As the end of August approached I had to start thinking about getting Nautilus back down south. I had planned to leave her up in the Whitsundays for the European winter but it turned out that I couldn't get anyone to insure her if I was going to be out of the country during Cyclone season. Ylva wasn't looking forward to the trip south as we’d be fighting against the trade winds the whole way so she jumped ship and made plans to travel by land for a month. I put some ads on the internet looking for crew and had many replies, eventually settling on Amanda from Sydney and Safae from Morocco. They joined me in Airlie Beach and after a few hours of showing them around and doing a big food shop we set off.
We had a nice 4 hour sail down to Lindeman Island and anchored in a nice little bay. Next we jumped in the dingy and went to the island. Lindeman Island was for years a very successful resort for the Club Med brand. About 3 years ago it was closed down and now sits deserted. Back in 1995/96 I worked here on two separate occasions while I was backpacking in Australia so it was very much a walk down memory lane as they say. I was still a teenager at the time and was very much in the “discovery” phase. It was all here on Lindeman that I first picked up a camera and started looking at the world through a viewfinder.
Due to us sailing the “wrong way” (helpfully pointed out to us by every second boat we met) it meant we didn't really have winds from anywhere but head on. So we did many hours of motorsailing, basically motoring all day but with the mainsail up to help out and give stability.
Safae, Amanda and I took turns steering and during the first week tried to get as many miles south as possible. We stayed 3 days at Middle Percy Island, a very special place. The days sort of blended into each other a bit during this time. We were lucky with the weather though, pretty much sunny all day every day.
After dragging lures all the way north and landing nothing I finally bought a couple of fish from the boat. Two different tuna varieties which were ok to eat but nothing when compared to Coral Trout!
We stayed a few days at 1770 again as I liked it very much on the way north. I went on a trip with a local operator 1770larctours.com.au where they show you some of the bush food and how the Aborigines used to live of the land and water. Very interesting!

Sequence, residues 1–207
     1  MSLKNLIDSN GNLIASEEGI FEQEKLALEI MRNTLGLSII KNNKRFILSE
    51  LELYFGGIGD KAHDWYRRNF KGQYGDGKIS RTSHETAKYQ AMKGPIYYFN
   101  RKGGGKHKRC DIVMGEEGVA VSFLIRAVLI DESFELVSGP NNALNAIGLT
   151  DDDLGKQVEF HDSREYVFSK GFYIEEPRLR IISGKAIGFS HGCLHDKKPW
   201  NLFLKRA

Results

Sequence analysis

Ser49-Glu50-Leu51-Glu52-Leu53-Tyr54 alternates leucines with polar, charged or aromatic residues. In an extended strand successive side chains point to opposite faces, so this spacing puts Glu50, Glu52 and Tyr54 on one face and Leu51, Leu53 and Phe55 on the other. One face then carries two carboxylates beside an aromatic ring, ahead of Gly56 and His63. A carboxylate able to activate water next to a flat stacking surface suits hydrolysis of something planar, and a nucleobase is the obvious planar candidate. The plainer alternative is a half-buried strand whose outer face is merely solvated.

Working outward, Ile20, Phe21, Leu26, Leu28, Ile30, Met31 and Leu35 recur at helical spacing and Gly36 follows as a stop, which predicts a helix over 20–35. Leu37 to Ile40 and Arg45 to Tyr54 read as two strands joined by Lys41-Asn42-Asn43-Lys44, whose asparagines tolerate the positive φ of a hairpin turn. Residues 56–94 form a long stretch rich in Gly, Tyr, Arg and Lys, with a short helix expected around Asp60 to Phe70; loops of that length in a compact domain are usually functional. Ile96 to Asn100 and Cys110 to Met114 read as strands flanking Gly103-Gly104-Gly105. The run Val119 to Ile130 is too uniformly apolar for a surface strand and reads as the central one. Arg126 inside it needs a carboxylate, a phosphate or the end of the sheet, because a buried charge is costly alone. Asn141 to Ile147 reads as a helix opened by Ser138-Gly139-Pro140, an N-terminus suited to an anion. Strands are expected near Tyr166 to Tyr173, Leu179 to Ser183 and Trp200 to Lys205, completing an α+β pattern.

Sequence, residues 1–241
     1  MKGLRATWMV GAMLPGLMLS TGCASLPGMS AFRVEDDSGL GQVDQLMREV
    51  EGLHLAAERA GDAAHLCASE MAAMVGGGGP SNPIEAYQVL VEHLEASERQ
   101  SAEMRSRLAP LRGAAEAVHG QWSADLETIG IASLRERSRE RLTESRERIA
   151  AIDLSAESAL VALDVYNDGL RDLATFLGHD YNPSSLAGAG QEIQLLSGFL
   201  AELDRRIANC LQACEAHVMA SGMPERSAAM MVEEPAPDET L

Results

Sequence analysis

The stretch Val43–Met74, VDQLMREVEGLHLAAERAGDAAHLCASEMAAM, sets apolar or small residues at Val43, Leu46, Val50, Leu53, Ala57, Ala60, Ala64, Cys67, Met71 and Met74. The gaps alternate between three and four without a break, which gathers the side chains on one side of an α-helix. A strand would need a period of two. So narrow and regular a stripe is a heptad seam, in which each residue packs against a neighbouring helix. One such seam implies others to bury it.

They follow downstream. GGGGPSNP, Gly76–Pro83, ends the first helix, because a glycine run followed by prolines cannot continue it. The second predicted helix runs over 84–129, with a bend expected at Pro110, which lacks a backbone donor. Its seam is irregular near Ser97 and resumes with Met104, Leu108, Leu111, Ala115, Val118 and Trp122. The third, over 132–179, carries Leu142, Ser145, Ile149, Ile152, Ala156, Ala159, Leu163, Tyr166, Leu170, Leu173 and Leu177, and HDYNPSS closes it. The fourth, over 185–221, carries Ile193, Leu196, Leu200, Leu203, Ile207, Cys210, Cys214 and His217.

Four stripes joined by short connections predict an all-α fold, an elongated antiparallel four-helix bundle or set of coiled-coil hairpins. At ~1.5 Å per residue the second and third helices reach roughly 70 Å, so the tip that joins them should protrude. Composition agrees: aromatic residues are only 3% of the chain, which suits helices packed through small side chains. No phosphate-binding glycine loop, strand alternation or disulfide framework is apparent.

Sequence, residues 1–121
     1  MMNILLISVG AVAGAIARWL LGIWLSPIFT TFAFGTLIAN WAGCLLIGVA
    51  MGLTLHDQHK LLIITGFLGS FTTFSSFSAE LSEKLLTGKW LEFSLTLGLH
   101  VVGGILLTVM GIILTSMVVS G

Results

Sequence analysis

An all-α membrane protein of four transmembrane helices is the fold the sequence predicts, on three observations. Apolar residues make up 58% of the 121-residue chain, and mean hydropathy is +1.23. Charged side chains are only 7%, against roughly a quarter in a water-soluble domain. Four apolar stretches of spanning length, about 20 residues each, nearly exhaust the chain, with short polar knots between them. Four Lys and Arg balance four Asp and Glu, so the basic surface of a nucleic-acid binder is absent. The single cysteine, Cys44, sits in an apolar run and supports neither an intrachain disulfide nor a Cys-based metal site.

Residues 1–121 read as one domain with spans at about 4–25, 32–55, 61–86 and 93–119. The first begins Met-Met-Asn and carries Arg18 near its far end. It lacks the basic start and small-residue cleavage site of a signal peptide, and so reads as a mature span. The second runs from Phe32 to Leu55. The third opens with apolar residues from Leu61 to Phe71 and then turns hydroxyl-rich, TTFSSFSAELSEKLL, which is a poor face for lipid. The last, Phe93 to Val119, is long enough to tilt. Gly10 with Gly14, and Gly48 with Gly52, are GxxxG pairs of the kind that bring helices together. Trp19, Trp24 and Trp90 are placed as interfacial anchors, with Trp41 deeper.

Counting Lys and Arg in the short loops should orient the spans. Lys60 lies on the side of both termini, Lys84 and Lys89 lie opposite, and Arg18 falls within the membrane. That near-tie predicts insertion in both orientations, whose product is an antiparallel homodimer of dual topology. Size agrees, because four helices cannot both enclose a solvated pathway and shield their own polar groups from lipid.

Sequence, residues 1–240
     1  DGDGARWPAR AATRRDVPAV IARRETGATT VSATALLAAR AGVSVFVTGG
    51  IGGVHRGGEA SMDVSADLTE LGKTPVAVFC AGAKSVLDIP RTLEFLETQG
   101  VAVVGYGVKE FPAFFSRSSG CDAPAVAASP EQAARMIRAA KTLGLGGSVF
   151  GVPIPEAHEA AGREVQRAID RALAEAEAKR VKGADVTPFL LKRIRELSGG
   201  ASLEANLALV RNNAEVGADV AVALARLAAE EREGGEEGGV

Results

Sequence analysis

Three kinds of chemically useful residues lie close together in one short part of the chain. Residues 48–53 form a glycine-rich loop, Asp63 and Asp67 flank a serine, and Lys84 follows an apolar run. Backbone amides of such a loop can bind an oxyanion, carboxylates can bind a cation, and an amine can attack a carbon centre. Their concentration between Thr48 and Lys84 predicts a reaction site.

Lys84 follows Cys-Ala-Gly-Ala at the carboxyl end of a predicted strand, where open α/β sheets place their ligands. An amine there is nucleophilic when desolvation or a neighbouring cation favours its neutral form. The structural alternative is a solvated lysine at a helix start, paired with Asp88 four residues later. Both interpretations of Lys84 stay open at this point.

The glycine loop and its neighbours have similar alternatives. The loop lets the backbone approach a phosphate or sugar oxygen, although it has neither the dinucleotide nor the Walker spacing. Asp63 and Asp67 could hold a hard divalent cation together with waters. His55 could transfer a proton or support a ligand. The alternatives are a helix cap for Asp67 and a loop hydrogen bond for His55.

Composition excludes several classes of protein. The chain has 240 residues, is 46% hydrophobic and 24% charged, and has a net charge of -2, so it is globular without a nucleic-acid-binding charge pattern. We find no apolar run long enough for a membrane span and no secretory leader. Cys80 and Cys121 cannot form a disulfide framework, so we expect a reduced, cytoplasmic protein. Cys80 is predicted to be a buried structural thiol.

As we got further south I started to think more about being able to sail Nautilus alone and it became very clear to me that the first thing that I’d need to get was an Autopilot. So in Bundaberg I purchased one online and spent 2 days taking Nautilus apart, running cables, installing boxes etc. I was fairly confident I’d got it all right but it was a big relief when we set off down the river and it worked perfectly! Wow, what a difference an Autopilot makes. Many other sailors had been telling us we were crazy to be hand-steering the distances we’d been doing. Now I realise how much easier it makes life aboard. I still think it was good experience to hand steer though, I learnt a lot about boat handling. Now though I can handle the boat alone and that opens up so many possibilities.
Its not often you get shots of your own boat while sailing as you’re always on it yourself. So it was a nice surprise when someone came up to us and said they’d shot some pictures of Nautilus from there own boat. This is the one I like most.
Here is Nautilus' home for the next 7 months, Newport Marina in Brisbane. We made it south with no major problems and I had 6 days time to get some maintenance jobs done, all the food stores cleared out and I also did a full service on the engine. One final clean and I was off to the airport for the long flight back to Zurich. The past 5 months have been amazing and I can hardly wait for the next adventures.